The world and wonderful things happening inside of it are shaped by women just as much as men. Several countries, including the United States, dedicate the month of March to remember those who made huge sacrifices or contributed tremendously to the shape of our travel lives during Women’s History Month. It doesn’t have to be earth-shattering to count or have a chapter dedicated to it in a history text. Yet, these women shattered something, whether it was a sexist cultural custom or the shackles of self-doubt to create a new chapter in their lives and the community in which they live. Here is part of their story in their own words.
Kellee Edwards is the first African-American woman to have her own travel show on the Travel Channel, Mysterious Islands. She’s been featured on magazine covers and television promotions around the 2020 Ford Expedition are dedicated to her adventures world-wide.
Also, did we mention she’s a licensed pilot?
WhereverFamily: Did you feel any fear that your passion to succeed wouldn’t be accepted by your family and/or friends?
Kellee Edwards: No, because I honestly have never cared what others expected or accepted of me, I always know what the end game is. Luckily, I’ve had a lot of supportive people in my life and that’s a blessing in itself.
WF: What do you feel were your biggest obstacles?
KE: Getting out of my own head. I do a lot of physical and mentally challenging things. I had to learn to do everything scared and no matter what amount of success I’ve reached, I still find there is yet another experience I’ve yet to have, face the unfamiliar and make a true effort to overcome. I also had to learn the art of patience, it took a lot of time for people to understand what I was on a mission to do. It was so clear to me, that I had a winning combination of attributes in the adventure travel space, but it took years for others to see beyond the typical white male explorer and adventurer.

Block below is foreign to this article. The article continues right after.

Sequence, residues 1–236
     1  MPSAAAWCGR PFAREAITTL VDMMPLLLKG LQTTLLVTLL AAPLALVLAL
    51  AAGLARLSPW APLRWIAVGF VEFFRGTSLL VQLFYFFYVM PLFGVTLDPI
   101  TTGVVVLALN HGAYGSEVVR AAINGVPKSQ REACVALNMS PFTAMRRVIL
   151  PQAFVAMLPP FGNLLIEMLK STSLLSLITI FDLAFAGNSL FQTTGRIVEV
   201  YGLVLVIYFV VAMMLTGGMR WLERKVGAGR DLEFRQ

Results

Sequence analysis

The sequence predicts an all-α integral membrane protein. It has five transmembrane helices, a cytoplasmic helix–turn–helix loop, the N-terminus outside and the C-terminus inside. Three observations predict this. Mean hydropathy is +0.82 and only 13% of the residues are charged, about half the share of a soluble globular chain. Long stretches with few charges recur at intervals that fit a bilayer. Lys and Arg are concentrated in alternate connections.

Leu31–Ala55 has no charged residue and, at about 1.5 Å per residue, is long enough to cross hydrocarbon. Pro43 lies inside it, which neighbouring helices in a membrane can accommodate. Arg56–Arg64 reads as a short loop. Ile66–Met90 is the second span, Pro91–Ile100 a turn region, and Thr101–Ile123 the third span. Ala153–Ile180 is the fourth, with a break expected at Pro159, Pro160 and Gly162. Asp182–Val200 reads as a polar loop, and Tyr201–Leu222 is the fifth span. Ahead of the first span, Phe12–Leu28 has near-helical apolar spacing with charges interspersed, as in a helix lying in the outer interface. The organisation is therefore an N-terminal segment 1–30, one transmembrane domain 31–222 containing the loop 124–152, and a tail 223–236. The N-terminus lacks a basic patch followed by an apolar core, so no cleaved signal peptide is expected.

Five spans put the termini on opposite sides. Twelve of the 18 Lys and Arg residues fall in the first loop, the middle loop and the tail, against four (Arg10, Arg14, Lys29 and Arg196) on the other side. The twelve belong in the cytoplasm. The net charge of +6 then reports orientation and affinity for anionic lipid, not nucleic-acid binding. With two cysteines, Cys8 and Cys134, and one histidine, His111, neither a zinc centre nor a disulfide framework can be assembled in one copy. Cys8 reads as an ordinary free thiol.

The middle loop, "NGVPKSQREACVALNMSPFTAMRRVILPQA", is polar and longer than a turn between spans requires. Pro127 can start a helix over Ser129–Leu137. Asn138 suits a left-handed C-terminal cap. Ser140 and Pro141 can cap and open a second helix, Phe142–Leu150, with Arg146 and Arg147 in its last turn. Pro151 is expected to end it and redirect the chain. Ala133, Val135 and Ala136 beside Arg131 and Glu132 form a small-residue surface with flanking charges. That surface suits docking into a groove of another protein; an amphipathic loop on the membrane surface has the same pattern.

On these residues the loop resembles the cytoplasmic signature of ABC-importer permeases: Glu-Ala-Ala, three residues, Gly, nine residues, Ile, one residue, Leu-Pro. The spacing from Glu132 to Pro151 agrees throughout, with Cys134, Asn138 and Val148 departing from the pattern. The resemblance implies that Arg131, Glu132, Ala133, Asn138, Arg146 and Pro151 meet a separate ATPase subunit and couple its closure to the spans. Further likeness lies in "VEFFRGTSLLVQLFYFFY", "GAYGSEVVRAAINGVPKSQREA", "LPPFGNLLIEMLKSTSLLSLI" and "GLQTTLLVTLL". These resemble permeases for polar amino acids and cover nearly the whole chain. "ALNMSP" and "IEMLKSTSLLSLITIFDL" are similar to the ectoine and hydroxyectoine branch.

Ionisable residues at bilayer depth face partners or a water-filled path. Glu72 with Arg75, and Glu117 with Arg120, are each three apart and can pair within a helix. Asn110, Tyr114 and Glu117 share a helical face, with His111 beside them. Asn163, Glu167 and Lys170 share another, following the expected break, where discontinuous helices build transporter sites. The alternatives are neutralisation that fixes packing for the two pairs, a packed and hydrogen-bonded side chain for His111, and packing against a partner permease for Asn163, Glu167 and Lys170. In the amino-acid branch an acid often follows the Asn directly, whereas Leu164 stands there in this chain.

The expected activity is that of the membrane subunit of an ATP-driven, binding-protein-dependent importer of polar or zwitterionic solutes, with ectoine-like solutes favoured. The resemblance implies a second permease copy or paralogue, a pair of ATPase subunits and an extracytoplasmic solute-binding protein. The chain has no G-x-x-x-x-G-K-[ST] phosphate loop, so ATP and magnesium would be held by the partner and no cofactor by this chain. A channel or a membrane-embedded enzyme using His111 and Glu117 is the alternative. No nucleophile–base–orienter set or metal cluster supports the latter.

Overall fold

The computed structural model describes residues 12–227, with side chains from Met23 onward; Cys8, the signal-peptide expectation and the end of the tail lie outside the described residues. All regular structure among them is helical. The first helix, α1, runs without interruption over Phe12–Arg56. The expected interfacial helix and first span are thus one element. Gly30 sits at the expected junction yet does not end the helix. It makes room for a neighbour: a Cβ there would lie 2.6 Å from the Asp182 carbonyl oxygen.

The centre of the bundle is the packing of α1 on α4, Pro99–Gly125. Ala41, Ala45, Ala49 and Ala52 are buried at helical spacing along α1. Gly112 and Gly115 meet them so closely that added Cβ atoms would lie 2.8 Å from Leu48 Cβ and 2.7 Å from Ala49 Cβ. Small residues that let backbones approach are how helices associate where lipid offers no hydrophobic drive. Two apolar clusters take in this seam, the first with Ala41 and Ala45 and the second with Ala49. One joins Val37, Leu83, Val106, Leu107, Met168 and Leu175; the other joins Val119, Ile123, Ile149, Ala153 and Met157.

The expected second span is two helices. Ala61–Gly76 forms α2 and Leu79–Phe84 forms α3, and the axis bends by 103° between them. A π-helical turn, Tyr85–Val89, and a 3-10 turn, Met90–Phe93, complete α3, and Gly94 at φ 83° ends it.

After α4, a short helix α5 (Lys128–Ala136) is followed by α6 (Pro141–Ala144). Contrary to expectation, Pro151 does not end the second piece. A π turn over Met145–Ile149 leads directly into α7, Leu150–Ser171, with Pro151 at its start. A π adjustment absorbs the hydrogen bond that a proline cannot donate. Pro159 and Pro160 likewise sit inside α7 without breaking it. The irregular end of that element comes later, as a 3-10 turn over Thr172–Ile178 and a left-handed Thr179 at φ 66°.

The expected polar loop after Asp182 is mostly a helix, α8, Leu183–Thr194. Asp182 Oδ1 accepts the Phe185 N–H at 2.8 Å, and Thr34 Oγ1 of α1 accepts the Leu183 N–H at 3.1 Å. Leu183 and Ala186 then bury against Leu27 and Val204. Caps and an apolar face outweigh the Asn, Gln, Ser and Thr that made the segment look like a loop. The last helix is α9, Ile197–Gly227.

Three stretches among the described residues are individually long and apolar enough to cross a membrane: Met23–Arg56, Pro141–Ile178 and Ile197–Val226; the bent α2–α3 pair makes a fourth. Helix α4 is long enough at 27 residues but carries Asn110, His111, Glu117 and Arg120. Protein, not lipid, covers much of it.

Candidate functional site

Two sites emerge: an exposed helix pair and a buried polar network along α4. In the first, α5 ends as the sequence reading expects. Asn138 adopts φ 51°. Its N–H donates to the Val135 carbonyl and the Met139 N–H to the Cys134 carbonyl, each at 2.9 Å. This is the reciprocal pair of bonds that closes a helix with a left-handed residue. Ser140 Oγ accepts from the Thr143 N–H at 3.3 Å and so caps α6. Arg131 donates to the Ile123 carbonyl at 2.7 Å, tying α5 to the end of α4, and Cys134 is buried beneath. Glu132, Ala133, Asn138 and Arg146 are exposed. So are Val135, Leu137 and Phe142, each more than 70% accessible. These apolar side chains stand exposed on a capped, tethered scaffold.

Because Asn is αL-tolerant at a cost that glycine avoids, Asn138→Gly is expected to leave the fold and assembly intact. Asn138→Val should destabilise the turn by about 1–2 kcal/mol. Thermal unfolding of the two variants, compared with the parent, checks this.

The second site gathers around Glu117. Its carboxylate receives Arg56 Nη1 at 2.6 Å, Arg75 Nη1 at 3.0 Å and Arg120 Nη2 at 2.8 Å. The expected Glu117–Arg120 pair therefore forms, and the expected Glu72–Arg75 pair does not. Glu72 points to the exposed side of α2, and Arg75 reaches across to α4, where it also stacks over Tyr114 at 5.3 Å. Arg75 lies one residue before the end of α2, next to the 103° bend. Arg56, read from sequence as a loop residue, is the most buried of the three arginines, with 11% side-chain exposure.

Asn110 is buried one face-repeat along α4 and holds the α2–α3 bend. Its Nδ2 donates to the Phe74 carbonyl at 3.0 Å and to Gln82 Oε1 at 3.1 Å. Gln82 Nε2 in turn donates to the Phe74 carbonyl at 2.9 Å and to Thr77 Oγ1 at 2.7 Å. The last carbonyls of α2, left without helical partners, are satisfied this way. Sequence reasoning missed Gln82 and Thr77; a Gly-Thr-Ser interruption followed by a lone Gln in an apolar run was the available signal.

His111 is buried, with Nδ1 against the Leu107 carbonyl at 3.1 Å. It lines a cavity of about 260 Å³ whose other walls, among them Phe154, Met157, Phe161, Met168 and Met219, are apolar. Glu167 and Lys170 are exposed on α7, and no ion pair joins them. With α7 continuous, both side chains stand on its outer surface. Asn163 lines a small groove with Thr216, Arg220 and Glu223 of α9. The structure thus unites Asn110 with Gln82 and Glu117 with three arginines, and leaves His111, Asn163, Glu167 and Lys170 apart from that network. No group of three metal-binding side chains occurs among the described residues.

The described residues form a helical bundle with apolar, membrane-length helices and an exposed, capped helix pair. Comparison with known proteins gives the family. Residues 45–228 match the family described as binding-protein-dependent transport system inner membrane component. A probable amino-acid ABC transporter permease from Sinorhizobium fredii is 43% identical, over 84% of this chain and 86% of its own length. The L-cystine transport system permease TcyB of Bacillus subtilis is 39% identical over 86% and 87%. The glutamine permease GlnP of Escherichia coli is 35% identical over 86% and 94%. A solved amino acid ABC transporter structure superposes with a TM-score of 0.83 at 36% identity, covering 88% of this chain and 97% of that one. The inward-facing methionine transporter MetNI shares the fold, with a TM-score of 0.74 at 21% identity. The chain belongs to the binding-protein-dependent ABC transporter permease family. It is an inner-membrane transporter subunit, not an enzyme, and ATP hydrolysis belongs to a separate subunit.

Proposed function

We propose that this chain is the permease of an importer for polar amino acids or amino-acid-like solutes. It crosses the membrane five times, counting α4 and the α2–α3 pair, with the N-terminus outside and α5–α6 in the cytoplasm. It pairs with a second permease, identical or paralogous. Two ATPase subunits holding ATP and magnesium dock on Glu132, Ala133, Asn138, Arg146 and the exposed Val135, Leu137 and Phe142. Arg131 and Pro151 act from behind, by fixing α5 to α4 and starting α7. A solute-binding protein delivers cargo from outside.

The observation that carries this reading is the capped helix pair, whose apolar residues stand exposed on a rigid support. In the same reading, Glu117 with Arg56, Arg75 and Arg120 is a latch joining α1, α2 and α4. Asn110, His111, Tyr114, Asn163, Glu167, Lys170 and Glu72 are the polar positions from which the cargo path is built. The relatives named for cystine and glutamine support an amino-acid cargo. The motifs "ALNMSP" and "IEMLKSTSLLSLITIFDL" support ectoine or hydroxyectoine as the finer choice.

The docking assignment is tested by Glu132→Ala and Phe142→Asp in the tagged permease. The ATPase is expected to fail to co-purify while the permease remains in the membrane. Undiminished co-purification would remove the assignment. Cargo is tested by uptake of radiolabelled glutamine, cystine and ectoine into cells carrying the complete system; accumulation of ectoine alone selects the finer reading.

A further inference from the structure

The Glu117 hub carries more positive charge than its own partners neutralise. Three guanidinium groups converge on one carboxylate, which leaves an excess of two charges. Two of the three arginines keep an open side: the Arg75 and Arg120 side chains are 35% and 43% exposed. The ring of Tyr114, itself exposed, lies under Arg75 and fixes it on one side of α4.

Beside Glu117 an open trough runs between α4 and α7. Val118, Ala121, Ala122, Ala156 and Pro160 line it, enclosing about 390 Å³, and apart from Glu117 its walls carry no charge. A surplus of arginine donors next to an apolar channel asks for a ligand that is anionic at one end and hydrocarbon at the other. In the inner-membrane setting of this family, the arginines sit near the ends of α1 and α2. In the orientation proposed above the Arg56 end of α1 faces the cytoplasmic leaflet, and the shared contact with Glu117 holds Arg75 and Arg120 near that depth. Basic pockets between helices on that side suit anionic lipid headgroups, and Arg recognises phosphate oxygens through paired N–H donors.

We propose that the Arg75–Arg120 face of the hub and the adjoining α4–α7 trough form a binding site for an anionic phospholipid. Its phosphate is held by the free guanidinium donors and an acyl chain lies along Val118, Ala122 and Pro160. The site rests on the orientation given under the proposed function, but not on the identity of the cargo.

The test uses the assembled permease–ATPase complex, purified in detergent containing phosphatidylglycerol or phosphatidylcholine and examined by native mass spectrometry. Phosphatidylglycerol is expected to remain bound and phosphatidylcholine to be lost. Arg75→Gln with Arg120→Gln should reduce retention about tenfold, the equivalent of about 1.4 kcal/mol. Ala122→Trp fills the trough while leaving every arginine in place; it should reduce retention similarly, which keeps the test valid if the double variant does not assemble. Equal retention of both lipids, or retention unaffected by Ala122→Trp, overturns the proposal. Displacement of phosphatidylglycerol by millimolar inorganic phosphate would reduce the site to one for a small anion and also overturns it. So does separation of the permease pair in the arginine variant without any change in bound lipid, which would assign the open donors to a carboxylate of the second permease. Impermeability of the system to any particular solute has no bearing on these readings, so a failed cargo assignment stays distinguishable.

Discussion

WF: Can you share a funny moment that happened as you proceeded to succeed?
KE: I remember meeting Josh Gates at a convention he and I were both speaking at, and after chatting for a bit, a mutual acquaintance made a comparison about us and he was like, “Hey, I can’t fly airplanes!” As if I one upped him, I proudly grinned from ear to ear and offered to take him flying.
WF: Can you share any inspiring moments that kept you going even when it got tough?
KE: I remember being pretty exhausted from my adventures and travels last year, while speaking at a conference, an almost 60-year-old black woman stood up in the audience and said she had started taking swimming lessons from seeing me on TV. I definitely cried. What started as a singular journey for me has inspired so many women, my culture, little girls and others in ways I couldn’t have ever imagined. I no longer operate for my sole benefit, I do it because others are watching, learning and doing from me.
WF: What words can you share with other women and girls who want to achieve your success?
KE: My overnight success happened over 7 years. It is far from easy being the first and a lot of responsibility comes with it. Be ready, stay mentally focused, know that you don’t fail, you learn and then move forward with the same goal, yet different plan. And that’s okay. Don’t give up on yourself, even when others don’t understand what you are doing. Believe me, they’ll come asking for the blueprint later, as you succeed. Share the cliff notes version and encourage them to forge their own path.
Check back tomorrow for part two of our three-part series, spotlighting incredible women in travel.
United Airlines is making its MileagePlus program more flexible for its frequent-flyer customers in response to the ongoing COVID-19 crisis and global travel restrictions.
With technology advancing faster than ever, children globally are becoming attached to devices. Adults too. Our Netflix queue and ever-expanding inbox call our names even when we’re on vacation. We carry distractions with us everywhere, and it’s becoming increasingly difficult to truly connect with your loved ones.
Updated April 6, 2020